Columbus Circle in NYC
The silver globe of Columbus Circle in New York City. Delanoix

Few things are as controversial as celebrating a date that implies a different version of victors and vanquished or, being Columbus Day, of conquerors and conquered.

In many places in the Americas, the sole mention of Columbus Day, or Día de la Raza, triggers discussions and triggers discussions ranging from the real reason to celebrate to the authorities' decision to grant a day of rest.

In some countries, such as the U.S. Columbus Day is not observed nationally, and it isn't even held on October 12 as in the rest of the world.

Columbus Circle in NYC
Columbus Circle in NYC.

According to Drew Desilver, of the Pew Research Center, "Columbus Day, the second Monday in October, is one of the most inconsistently celebrated U.S. holidays."

In fact, depending on where a person is in the U.S., Columbus Day seems to fade to other category as a holiday. Instead, the date is moving closer to the South of the continent as many Native American communities refer to Indigenous People's Day.

That inconsistency is seen all over the Hispanic world, except in Spain. In the so-called 'mother country' by many Latin Americans, this day is Día de la Hispanidad and it's a National Holiday.

"The National Day of Spain or Día de la Hispanidad (Festa Nacional d'Espanya, in Catalan; Festa Nacional de España, in Galician; Espainiako Jai Nazionala, in Basque) commemorates the historical event of the discovery of America by Spain, a transcendental historical milestone for our country, which marks the beginning of a period of linguistic and cultural projection in America. All this occurred at a time when the modern State was being configured," says Spain's Ministry of Defense in a decree.

"The celebration takes place on October 12, with the development of a ceremony in the Plaza de Colón in Madrid, where homage is paid to the Flag and to those who gave their lives for Spain, followed by a military parade along the Paseo de la Castellana.

"The ceremony is presided over by HM the King and the Royal Family, the representatives of the powers of the State and the presidents of the Spanish autonomous regions are invited," according to the Ministry

Plaza de Colon in Madrid
Plaza de Colón, Madrid. Wikipedia/Σπάρτακος

In Latin America, the occasion differs from country to country. In Mexico, October 12 is Día de la Raza (Day of the Race) and, most recently is Día de la Nación Pluricultural (Day of the Pluricultural Nation).

In Central and South America it goes from Día de la Hispanidad, to Día de la Raza, Día de las Culturas, Día de los Pueblos Originarios y del Diálogo Intercultural (Day of the Original Peoples and Intercultural Dialogue), Día de la Diversidad Étnica (Day of Ethnic Diversity), Día del Encuentro de Dos Mundos (Day of the Encounter of Two Worlds)...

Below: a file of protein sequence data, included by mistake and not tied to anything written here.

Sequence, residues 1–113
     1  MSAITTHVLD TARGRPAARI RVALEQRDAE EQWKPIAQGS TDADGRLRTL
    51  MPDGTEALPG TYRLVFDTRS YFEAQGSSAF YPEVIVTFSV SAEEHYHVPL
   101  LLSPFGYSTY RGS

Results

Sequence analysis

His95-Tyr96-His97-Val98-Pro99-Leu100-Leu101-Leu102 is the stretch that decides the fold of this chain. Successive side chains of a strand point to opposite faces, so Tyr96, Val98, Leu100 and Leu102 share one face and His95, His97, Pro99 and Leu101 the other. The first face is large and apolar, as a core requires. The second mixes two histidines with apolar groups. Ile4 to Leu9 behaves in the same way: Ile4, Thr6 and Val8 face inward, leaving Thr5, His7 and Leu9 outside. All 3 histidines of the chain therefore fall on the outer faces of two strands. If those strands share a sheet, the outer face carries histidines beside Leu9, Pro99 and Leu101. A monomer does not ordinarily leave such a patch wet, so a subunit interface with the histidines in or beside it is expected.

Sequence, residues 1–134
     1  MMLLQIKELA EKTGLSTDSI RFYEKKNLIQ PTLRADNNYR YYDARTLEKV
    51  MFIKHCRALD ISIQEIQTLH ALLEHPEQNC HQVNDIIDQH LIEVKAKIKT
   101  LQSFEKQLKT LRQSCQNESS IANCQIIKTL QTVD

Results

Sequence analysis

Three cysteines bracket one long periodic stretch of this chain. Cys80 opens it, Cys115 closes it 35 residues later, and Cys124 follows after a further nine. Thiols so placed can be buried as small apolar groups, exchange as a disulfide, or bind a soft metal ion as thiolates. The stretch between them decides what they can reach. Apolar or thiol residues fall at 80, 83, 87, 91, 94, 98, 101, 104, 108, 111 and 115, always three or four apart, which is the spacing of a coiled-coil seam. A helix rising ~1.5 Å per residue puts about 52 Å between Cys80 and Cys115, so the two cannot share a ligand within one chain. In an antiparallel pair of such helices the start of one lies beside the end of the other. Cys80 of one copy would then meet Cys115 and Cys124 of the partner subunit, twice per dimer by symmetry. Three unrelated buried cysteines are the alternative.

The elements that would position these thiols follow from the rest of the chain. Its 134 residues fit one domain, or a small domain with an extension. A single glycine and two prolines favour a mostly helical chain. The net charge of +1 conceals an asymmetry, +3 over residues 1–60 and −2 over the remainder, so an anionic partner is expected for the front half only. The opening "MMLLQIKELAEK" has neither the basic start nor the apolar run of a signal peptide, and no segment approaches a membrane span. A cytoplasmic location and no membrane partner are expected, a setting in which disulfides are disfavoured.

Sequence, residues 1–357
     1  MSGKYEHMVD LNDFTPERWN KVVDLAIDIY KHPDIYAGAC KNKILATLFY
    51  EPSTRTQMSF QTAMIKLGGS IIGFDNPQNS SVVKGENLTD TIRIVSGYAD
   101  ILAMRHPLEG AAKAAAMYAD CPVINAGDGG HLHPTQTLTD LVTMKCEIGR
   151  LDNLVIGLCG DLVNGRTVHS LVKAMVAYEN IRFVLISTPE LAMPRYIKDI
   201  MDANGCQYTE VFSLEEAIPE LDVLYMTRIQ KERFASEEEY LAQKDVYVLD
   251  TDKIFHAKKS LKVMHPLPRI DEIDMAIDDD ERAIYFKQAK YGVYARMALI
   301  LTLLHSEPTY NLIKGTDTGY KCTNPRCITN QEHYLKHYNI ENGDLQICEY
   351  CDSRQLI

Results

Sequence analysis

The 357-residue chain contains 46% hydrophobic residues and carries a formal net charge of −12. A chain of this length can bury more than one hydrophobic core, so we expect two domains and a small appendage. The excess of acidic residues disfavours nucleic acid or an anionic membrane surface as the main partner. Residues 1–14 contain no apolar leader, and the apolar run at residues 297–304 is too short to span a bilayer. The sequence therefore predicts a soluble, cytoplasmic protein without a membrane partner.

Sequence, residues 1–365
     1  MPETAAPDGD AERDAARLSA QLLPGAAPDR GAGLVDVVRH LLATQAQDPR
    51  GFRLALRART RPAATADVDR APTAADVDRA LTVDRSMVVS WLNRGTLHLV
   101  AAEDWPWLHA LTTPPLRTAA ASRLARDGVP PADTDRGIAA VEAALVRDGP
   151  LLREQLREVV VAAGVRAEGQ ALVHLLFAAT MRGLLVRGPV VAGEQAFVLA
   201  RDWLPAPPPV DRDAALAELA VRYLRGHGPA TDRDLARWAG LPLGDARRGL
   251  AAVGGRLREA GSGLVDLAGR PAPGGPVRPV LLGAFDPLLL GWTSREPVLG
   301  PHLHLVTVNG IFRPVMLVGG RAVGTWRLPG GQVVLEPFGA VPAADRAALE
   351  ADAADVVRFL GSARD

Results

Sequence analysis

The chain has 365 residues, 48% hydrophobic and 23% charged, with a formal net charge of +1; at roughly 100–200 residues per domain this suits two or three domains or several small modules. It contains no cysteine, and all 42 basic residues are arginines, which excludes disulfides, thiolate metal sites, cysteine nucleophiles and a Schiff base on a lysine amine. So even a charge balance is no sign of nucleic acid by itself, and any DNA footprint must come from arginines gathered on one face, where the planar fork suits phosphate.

Yes but, What about Columbus Day in the U.S?

In the U.S. Columbus Day is considered one of the 11 official federal holidays. Federal employees get a paid day off and federal offices are closed. Though some banks are closed, the stock market is open.

According to Desilver, of the Pew: "Based on our review of state statutes, human resources websites and other sources, only 16 states and the territory of American Samoa still observe the second Monday in October as an official public holiday exclusively called Columbus Day. ("Official public holiday" typically means government offices are closed and state workers, except those in essential positions, have a paid day off.) In four states, two territories and Washington, D.C., the day is an official public holiday but goes by a different name. Four other states and the U.S. Virgin Islands mark the day as both Columbus Day and something else. And in 26 states and the territory of Guam, the second Monday in October is pretty much like any other workday.

For such a polemic day, maybe the words of Uruguayan journalist Eduardo Galeano explain better (depending on which side of the Atlantic you read this... or where in the Americas):

"On a day like today but in 1492. The Natives of our continent discovered: that they were Indians; that they lived in America; that they were naked; that they owed obedience to a king and queen from another world; and that there was a god and a sky."

Monumento a Colón in Mexico City
Columbus Circle in Mexico City before the current administration removed the statue. Gaceta UNAM

© 2023 Latin Times. All rights reserved. Do not reproduce without permission.